Father’s parental rights to his minor child were terminated. Before the child’s birth, the father had been convicted of at least three felonies. Therefore, the father was “depraved”. This was the basis of his loss of parental rights. He was an unfit person under the law.

The court recognized that one of the felonies had been found to be unconstitutional. The aggravated unlawful use of a weapon conviction was null and void. Therefore, it could not serve as a basis for finding a father to be deprived.

DCFS could not now establish that the father met the statutory definition of depravity. DCFS appealed.

Under the Juvenile Court Act, parental rights cannot be terminated without the parent’s consent. Unless the court first determines that the parent is an “unfit person”. That is defined by section 1(D) of the Adoption Act (750 ILCS 50/1(D) (West 2010) ). 705 ILCS 405/2-29(2) (West 2010).

“Involuntary termination of a parent’s rights without a prior showing of unfitness would, in fact, be unconstitutional.” It must be proven by clear and convincing evidence.

There is a rebuttable presumption that a parent is deprived if the parent has been criminally convicted of at least 3 felonies. Under the laws of this State. Or any other state. Or under federal law. Or the criminal laws of any United States territory. And at least one of these convictions took place within 5 years of the filing of the petition or motion seeking termination of parental rights.” 750 ILCS 50/1(D)(i) (West 2010).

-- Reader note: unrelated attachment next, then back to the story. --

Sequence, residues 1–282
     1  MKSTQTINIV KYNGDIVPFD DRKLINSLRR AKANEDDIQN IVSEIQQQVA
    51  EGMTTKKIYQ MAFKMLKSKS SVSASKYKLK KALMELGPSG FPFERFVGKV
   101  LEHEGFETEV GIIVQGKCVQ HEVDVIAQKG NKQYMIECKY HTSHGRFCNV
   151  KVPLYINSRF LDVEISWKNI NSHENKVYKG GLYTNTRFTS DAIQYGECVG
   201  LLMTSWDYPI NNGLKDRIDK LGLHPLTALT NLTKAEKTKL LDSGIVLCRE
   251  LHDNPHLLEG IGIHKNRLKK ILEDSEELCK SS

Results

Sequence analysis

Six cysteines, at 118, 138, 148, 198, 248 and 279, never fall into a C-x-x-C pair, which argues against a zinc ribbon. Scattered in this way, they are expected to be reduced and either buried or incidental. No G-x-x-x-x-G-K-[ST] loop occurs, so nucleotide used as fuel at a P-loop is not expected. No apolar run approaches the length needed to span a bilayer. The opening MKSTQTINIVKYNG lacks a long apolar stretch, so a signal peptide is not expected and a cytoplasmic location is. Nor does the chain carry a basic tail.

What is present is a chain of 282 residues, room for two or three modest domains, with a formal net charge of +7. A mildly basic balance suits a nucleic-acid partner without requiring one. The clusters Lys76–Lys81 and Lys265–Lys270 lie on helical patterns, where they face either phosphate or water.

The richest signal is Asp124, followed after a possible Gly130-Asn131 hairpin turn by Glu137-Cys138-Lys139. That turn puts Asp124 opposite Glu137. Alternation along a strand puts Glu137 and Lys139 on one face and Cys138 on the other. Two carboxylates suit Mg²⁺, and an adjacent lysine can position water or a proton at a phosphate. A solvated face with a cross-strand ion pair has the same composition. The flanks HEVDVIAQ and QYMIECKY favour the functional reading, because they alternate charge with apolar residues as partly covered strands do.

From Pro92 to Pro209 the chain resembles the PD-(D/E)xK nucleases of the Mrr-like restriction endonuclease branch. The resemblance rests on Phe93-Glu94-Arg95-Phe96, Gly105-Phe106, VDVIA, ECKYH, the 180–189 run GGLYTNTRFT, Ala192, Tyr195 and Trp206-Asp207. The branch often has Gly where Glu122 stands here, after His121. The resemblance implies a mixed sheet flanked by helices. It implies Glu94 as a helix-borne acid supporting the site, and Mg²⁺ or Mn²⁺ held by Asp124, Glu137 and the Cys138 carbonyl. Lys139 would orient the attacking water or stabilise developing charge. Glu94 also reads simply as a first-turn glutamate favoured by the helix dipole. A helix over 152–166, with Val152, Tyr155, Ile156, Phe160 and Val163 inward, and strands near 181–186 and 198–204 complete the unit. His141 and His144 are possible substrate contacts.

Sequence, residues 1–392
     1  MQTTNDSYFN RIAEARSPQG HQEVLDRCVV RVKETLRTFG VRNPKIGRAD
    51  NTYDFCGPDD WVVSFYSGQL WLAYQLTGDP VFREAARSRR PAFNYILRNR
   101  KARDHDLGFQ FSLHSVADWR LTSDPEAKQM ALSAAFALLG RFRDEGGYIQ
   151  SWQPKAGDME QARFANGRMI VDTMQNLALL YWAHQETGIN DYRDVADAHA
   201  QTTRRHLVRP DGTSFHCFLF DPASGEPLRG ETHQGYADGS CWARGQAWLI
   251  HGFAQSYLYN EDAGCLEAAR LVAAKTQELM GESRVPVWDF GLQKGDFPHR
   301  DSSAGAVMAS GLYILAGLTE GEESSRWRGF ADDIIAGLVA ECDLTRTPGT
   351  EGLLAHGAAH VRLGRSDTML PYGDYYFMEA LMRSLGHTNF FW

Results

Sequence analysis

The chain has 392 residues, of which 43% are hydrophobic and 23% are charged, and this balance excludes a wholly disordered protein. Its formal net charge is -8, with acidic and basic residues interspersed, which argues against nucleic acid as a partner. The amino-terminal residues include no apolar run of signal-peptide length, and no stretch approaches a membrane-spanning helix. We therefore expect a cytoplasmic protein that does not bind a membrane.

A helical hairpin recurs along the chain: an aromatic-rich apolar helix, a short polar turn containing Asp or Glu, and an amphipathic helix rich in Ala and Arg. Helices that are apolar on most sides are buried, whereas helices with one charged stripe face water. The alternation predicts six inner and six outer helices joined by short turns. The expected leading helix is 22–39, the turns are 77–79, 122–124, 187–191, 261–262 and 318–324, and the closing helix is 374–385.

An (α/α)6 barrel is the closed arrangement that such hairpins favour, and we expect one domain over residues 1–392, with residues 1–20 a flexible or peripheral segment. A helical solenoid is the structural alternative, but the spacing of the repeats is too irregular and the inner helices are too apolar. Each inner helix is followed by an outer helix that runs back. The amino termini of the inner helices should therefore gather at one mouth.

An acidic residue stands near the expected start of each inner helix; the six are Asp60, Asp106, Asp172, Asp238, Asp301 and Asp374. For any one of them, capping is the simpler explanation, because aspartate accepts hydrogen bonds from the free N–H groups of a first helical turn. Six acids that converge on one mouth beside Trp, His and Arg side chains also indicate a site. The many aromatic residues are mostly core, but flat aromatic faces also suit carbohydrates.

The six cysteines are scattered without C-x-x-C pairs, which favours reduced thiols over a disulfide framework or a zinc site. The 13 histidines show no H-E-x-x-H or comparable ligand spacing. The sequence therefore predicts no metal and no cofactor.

Father’s aggravated unlawful use of a weapon conviction had been found to be null and void. Father did not have three felony convictions. He could not be found to be deprived under the law.

The Appellate Court found that the termination of the father’s parental rights was not proper.

In re N.G., 2018 IL 121939 2018.

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